In December 2007 a guest from the UK made a special request to visit an orphanage during her stay at Shreyas. A visit to an orphanage called Kaveri Vanitha Seveshrama (KVS) in the neighbouring village of Hesaraghatta was arranged – and it turned out to be the start of something special. Housed in an old, dilapidated building with a dangerous asbestos sheet roof, KVS catered to 20 orphaned children as well as a number of disadvantaged elderly women. It wasn’t exactly the Hilton, but it had a heart and Shreyas staff and guests connected with it immediately.

Sarojamma, a 60-year-old woman who was running KVS, was a particular inspiration. She ran the orphanage with love and dedication and seemed to bring out the best in everyone. After witnessing her devotion, the Shreyas guests and staff instantly wanted to help, so they donated mattresses, pillows and money to the orphanage. Strange as it sounds, a visit to the orphanage soon became a top attraction for anyone staying at Shreyas.

Guests found it uplifting. As Pawan explains, the orphans and elderly women weren’t living a miserable existence – far from it. They were inspiring. “We didn’t take our guests to the orphanage just so they could see how sad it was,” he says. “We took them to see how people live and survive even when, from our perspective, they seem to have very little. “We would get immense joy from being around them and helping them with whatever we could, whether it was with school books or toilet repairs.” And so things started to snowball.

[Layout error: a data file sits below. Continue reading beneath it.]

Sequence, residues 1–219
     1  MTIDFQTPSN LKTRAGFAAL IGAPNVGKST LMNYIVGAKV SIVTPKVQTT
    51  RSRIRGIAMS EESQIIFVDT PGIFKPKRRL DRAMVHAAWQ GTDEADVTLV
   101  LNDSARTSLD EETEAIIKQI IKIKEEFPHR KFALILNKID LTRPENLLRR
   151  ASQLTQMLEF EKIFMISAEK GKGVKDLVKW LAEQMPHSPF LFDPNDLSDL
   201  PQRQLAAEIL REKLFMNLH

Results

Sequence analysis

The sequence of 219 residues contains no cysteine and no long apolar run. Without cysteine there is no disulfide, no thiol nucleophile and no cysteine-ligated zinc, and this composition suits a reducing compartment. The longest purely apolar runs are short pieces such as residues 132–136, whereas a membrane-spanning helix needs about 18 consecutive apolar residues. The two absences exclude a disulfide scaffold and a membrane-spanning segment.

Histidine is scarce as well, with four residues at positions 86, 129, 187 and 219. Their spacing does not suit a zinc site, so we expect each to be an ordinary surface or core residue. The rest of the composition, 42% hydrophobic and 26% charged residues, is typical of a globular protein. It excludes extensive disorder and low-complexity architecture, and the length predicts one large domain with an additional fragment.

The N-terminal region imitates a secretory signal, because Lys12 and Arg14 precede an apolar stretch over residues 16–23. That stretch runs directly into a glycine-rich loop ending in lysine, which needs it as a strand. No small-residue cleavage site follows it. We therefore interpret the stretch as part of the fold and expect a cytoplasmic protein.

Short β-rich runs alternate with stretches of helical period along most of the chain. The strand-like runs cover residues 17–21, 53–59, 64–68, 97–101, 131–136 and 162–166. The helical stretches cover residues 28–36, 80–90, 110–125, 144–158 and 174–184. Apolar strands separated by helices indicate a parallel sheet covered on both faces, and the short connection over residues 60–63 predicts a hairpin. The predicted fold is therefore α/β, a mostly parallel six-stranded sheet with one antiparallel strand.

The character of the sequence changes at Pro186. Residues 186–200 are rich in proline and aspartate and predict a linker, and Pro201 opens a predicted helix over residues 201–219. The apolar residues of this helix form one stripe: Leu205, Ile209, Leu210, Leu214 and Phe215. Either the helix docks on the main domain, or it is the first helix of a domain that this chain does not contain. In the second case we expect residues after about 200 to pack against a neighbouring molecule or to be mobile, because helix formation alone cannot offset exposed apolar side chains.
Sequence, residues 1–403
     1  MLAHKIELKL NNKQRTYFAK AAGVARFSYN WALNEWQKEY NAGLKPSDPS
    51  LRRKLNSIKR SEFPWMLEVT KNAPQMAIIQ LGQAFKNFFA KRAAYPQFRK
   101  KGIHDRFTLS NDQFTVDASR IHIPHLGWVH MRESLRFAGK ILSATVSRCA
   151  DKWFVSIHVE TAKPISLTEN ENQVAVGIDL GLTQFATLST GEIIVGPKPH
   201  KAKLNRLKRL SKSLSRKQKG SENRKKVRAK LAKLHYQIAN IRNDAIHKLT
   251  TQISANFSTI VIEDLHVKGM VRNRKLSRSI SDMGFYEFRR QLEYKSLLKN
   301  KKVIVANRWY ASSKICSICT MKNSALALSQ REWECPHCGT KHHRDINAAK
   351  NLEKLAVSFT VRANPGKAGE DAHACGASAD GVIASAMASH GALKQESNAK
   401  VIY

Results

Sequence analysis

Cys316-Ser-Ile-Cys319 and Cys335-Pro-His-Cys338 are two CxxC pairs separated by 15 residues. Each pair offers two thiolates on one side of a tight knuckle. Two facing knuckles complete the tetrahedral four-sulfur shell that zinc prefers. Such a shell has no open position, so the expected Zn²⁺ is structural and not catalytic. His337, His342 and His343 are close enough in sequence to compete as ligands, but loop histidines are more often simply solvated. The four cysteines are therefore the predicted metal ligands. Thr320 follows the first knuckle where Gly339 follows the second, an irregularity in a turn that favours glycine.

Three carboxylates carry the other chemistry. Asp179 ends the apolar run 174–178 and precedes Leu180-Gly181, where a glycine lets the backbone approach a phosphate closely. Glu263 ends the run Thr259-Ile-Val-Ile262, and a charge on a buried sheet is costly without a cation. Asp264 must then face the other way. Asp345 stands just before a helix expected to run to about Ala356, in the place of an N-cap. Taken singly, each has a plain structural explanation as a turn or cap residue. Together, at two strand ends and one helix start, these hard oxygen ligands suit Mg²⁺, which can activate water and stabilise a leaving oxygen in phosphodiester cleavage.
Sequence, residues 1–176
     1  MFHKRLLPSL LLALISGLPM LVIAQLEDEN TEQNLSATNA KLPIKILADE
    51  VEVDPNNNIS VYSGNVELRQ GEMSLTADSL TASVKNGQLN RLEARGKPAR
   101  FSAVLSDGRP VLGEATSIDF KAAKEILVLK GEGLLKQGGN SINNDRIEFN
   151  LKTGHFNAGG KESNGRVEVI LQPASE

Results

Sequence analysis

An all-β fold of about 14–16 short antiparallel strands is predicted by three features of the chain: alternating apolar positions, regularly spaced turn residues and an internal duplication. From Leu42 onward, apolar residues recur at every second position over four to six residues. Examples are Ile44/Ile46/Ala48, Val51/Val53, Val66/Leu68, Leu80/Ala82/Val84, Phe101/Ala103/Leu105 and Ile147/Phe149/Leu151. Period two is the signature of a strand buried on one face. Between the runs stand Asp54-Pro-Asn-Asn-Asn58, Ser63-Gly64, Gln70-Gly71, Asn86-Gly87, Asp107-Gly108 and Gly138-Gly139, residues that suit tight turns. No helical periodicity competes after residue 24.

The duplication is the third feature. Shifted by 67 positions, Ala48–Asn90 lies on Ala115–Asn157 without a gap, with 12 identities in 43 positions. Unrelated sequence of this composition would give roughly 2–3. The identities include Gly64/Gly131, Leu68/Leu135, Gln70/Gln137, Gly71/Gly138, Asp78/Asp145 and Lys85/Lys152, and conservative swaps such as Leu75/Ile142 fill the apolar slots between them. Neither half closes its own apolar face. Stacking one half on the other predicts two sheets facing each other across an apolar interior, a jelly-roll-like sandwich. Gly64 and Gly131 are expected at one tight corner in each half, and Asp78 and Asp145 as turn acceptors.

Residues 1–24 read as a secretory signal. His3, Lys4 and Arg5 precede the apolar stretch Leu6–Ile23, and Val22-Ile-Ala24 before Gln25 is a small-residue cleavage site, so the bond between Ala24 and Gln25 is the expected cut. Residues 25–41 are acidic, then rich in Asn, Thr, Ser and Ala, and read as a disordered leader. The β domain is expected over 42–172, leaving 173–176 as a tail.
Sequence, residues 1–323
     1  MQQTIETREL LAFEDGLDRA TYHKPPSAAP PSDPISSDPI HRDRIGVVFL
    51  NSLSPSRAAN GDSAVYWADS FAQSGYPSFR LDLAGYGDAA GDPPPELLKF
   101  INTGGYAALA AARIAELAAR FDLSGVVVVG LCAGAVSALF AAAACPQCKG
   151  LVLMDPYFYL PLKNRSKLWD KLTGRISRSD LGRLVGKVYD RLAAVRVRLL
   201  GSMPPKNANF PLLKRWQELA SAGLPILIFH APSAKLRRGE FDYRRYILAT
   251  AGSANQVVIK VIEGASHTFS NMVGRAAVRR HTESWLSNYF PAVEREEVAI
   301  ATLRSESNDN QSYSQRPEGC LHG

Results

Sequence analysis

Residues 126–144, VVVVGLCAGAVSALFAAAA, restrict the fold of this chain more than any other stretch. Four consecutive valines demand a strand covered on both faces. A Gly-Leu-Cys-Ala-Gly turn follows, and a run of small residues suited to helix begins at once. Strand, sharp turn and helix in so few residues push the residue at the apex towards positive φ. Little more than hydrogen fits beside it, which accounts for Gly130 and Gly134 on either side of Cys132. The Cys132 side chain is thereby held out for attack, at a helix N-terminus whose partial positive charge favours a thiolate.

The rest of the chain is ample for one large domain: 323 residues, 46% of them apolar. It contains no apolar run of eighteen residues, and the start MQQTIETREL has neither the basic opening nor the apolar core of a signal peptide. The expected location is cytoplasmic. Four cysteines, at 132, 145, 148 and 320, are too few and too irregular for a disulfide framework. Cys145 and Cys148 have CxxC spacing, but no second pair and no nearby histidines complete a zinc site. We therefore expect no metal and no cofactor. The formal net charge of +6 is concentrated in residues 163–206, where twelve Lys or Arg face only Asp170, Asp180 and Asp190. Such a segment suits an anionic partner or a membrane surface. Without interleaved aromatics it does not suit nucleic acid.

“What we were trying to do was very small,” says Pawan. “We found that many of our guests were moved by that. We weren’t trying to change the world, but little by little we were hoping to promote some discipline in terms of sanitation, cleanliness, food and access to medicine for the children. “Guests were very keen to help and we offered to be the catalyst. If someone wanted to donate something – maybe they had some clothes or books to give away – we would collect the donations and give them to the kids.”

When a local villager left some land to Sarojamma, Shreyas offered to help build a new, purpose-built orphanage on the site. Initially it seemed something of a pipe dream because of how much a new building was likely to cost, but they began raising money regardless. “It started very small,” says Pawan. “We put some money in, guests put some money in and then local villagers offered things like wood, cement and their expertise.”